Much has been made of the strong sexual subtext of King Kong, especially a scene cut from the original release where Kong holds Fay Wray in his paw and tears her clothes off – said horror writer Robert Bloch: “If Freud didn’t exist before King Kong, it would be necessary to invent him” – although this seems an overly literal analysis of the film. Certainly, it is there – what else is one to make of the seemingly ludicrous notion of a love affair between a 40-foot ape and a blonde starlet. (There has been enormous amount of comedic speculation devoted to how such a relationship might ever be consummated). There is an extraordinary dreamy quality to the film. Rather than any overtly sexual metaphors, King Kong hovers on the edge of Beauty and the Beast-like fairy-tale more than it does a monster movie. No other monster movie has succeeded in depicting the relationship between the ferocious yet strangely sympathetic monster and the innocent heroine as King Kong does. In fact, few other monster movies succeed in investing the beast with any character, in doing anything other than simply regarding it as a marauding monster.
The quality of Willis O’Brien’s effects is stunning. The level of detail – little touches such as Kong’s mannerisms, shaking his head and rubbing his eyes as he is hit by the gas bombs, or the twitching of the not-quite dead stegosaurus’s tail – is incredible. The amazingly violent battle between Kong and a triceratops that goes on for several minutes is perhaps the finest piece of stop-motion animation ever created for the screen.
Many scenes were cut from the film following its original 1933 premiere. The most notable scenes to go were the ones where Kong peels Fay Wray’s clothes from her and the scene where he attacks the sailors crossing the ravine and shakes them off to their deaths below. There are several other brief shots in which Kong kills natives that were also cut. These were later restored in the 1980s, although the cut print is still the one that circulates on tv.
Willis O’Brien, Ernest B. Schoedsak, Merian C. Cooper, Ruth Rose, Max Steiner and stars Robert Armstrong and Frank Reicher returned to make the likeably silly sequel The Son of Kong (1933). In the 1960s, Japan’s Toho Studios revived Kong to take on their biggest star in King Kong Vs. Godzilla (1962) and then spun Kong off for a solo effort King Kong Escapes (1967). Producer Dino De Laurentiis made the infamous remake King Kong (1976), which is reviled by all fans of the original. De Laurentiis then later made an even worse sequel King Kong Lives (1986). Peter Jackson conducted a further remake King Kong (2005), which extrudes the elements of the original out into a superb epic. Kong: Skull Island (2017) was a reboot of the series. Kong also makes cameos in The Lego Batman Movie (2017) and Ready Player One (2018). Also of interest is I’m King Kong!: The Exploits of Merian C. Cooper (2005), a documentary about Merian C. Cooper.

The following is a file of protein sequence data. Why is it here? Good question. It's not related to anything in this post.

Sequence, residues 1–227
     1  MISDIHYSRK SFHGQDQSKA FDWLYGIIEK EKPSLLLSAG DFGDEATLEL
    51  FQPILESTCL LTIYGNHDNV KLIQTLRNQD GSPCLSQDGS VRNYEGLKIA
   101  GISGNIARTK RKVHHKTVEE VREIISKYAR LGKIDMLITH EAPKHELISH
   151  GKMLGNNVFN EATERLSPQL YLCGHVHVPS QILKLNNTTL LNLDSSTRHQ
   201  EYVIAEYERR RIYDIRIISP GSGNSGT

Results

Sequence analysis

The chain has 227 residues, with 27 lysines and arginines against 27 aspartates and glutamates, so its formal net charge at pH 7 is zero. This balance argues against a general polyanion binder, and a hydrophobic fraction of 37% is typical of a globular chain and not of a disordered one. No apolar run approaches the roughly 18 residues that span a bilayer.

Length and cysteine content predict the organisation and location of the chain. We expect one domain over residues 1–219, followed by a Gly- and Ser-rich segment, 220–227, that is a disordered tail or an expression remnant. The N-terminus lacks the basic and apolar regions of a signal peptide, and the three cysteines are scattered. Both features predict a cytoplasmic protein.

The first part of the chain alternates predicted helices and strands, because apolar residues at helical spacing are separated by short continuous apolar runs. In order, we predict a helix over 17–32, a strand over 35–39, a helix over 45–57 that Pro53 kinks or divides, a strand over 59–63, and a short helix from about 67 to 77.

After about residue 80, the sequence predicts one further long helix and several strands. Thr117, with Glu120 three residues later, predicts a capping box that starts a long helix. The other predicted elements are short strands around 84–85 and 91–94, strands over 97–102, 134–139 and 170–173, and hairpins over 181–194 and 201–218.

There were numerous imitations of King Kong. Willis O’Brien, Ernest B. Schoedsak, Merian C. Cooper, screenwriter Ruth Rose and star Robert Armstrong returned to make Mighty Joe Young (1949), another giant ape film that is almost as good as King Kong. There were a number of giant ape copycats such as White Pongo (1945), Konga (1961), King of Kong Island (1968), King of the Lost World (2005) and the animated Kong: King of Atlantis (2005), even an adult version Kinky Kong (2006). Kong has also been spoofed in films such as Flesh Gordon (1972), Schlock (1973), Herbie Rides Again (1974), The Pink Panther Strikes Again (1976), Queen Kong (1976), Monster in the Closet (1986), Flesh Gordon Meets the Cosmic Cheerleaders (1991), The Nutty Professor (1996), Frida (2002), George of the Jungle 2 (2003), Chicken Little (2005), Wallace & Gromit in The Curse of the Were-Rabbit (2005) and Be Kind Rewind (2008). Tom Waits even wrote a song tribute King Kong (2004).
Merian C. Cooper and Ernest B. Schoedsak made several other genre films together that include the excellent human hunting film The Most Dangerous Game (1932), The Monkey’s Paw (1932) and the miniaturized people film Dr Cyclops (1940). Merian C. Cooper also produced the H. Rider Haggard lost world adaptation She (1935).